This does two things for me. 1.) Solves why this steward is ineligible to inherit their lands and 2.) It introduces drama and an easy build into the Sir Blains/Earl Roderick feud.

Next year or so I'll probably introduce some contesting heirs to some of the manors put forward by Sir Blains as a way to steal those manors back!

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I am not sure I follow you... A steward is a position, not really a title any more than a butler is. Just because you are the steward, it gives you no rights over the manor you oversee. You can be totally unconnected from the family that owns the manor.

Maybe you were using steward in the sense of 'the spouse who looks after the manor while the knight spouse focuses on fighting'. Even then you would be incorrect, as the widow is only entitled to one-third as Widow's Portion for life, not for the whole manor of her late husband. If she is an heiress, then it would be the guardian who gets the control. However, at least in that case, I could see the woman getting more independence in a less historically attuned game.

But I still don't get what Blains has to do with Elaine's manors. If she is the heiress of manors belonging to Levcomagus, then her marriage to someone else doesn't change the liege-vassal relationship of those manors: the manors are still enfeoffed from Levcomagus, not from Salisbury, and whoever becomes the knight has to swear fealty to Levcomagus for them.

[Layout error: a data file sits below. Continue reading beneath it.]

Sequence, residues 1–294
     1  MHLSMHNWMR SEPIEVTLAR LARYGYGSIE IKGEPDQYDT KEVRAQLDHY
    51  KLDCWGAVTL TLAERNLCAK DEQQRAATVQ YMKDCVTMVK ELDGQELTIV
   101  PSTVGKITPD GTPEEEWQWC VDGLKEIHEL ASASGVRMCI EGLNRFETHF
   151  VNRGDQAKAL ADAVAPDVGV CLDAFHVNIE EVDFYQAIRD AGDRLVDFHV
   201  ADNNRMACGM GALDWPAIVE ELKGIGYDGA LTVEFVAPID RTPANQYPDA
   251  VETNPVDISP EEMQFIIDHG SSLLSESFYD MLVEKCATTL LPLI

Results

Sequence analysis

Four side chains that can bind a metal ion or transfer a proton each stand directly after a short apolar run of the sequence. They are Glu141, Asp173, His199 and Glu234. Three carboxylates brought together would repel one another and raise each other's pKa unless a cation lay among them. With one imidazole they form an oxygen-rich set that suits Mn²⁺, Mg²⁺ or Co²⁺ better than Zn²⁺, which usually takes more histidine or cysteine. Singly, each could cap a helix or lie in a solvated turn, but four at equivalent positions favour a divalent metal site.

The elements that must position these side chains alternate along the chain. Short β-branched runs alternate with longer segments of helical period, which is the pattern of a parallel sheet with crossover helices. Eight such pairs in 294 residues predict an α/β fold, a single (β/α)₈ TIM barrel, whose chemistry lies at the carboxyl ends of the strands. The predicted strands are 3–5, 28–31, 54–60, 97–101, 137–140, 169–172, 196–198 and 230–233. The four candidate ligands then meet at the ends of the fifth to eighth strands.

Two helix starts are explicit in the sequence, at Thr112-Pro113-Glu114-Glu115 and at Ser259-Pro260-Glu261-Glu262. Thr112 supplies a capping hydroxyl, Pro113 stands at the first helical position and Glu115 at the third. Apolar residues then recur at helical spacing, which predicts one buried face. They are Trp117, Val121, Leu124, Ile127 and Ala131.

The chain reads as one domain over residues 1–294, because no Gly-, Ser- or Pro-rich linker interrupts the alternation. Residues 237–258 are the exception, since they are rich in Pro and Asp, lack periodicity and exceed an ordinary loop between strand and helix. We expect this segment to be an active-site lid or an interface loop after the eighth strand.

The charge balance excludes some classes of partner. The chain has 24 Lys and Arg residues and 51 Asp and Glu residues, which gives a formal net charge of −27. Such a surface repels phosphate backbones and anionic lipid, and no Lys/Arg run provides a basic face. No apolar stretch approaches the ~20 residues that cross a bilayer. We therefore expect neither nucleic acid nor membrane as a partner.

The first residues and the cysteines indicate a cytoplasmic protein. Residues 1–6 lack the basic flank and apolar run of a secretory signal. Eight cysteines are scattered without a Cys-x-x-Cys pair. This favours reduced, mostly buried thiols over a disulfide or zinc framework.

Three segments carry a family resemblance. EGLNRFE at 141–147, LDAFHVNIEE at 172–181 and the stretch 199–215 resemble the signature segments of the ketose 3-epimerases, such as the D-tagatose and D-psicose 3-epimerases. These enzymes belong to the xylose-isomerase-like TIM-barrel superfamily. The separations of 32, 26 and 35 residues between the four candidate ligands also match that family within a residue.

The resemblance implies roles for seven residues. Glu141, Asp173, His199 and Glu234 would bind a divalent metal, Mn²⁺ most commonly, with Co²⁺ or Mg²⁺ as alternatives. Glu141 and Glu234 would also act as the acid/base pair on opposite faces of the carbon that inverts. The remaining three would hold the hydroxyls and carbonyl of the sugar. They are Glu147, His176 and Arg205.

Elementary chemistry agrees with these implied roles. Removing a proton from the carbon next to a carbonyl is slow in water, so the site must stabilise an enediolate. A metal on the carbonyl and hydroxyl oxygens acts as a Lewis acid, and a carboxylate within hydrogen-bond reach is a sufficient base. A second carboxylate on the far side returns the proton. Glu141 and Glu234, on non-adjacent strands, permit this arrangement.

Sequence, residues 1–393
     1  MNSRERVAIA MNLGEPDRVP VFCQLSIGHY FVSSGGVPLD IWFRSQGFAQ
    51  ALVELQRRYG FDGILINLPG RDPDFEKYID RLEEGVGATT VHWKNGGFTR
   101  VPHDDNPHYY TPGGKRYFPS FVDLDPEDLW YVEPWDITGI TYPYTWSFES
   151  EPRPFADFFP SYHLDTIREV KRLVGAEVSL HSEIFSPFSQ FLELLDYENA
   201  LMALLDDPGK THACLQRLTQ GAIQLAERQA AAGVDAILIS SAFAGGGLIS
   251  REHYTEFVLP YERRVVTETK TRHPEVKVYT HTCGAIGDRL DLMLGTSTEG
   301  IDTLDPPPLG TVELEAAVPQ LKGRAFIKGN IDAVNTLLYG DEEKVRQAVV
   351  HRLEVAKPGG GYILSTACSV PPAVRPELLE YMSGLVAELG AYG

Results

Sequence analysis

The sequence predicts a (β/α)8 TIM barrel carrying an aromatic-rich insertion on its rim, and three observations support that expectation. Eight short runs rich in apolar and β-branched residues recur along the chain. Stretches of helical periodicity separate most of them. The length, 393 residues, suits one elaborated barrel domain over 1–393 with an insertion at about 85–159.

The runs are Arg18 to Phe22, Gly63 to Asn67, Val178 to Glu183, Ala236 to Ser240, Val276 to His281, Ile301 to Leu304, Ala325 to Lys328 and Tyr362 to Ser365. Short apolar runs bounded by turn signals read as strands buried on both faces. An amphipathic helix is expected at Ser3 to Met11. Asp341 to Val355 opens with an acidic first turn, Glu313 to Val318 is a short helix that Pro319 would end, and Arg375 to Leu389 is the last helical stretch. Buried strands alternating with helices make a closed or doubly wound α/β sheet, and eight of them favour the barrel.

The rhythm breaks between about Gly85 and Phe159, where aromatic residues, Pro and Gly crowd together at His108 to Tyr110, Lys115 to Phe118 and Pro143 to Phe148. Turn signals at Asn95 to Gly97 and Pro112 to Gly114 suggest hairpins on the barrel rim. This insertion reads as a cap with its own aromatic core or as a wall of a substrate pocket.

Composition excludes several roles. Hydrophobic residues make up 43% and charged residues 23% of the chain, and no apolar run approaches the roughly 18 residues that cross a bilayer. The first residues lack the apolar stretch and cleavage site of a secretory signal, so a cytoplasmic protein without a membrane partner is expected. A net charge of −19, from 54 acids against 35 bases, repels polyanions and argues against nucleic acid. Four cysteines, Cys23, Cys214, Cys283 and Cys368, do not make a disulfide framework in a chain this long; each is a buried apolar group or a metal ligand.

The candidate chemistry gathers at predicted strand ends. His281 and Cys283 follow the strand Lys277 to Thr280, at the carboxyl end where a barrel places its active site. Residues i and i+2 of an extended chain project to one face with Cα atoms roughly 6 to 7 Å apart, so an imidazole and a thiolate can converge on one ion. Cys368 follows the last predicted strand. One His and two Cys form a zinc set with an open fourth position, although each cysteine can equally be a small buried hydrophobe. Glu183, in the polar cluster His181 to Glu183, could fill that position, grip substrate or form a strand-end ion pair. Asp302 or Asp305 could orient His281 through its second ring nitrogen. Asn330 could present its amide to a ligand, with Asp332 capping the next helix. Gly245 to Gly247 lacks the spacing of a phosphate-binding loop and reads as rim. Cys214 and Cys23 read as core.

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3 minutes ago, ericvulgaris said:


The point is, if we follow primogeniture, then the knight or steward role doesn't matter for inheritance. This leads to some weird situations like

  • Why can't stewards inherit their own lands?

Because it isn't their own land. A steward is someone assigned to run the holding, like a caretaker or grounds keeper, or the manager of a store. He doesn't have any claim upon it by being steward, so he has no right to inherit. 

Now if the Steward also happens to be a younger son (sticking with primogeniture) of the land holder then he might be inline to inherit. 

3 minutes ago, ericvulgaris said:
  • Why can't stewards choose who they marry?

For much the same reasons why most others in a household can't. Here are a couple:

  • Because the leige lord has to pay for the upkeep of the wife. This is most obvious with household knights, but the same economic facts hold true down throughout the whole feudal system. A wife means another mouth to feed, typically at a higher station, and the liege lord pays for it, and for the children.
  • If the steward has some status, which he probably does, then the marriage is also political in nature and effects alliances and loyalties. If a steward were to marry a Saxon woman then maybe her loyalties might be with the Saxons and she might give them information on the manor or even open the gate for them during a siege. 
3 minutes ago, ericvulgaris said:

Well I can't say I solved this once and for all for all the realm, but I did solve it for the case of my Sir Gareth marrying Lady Elaine and inheriting her 4 demense manors. 

Here's my answer to that and this shouldn't be too much work to steal for any future pendragon GM: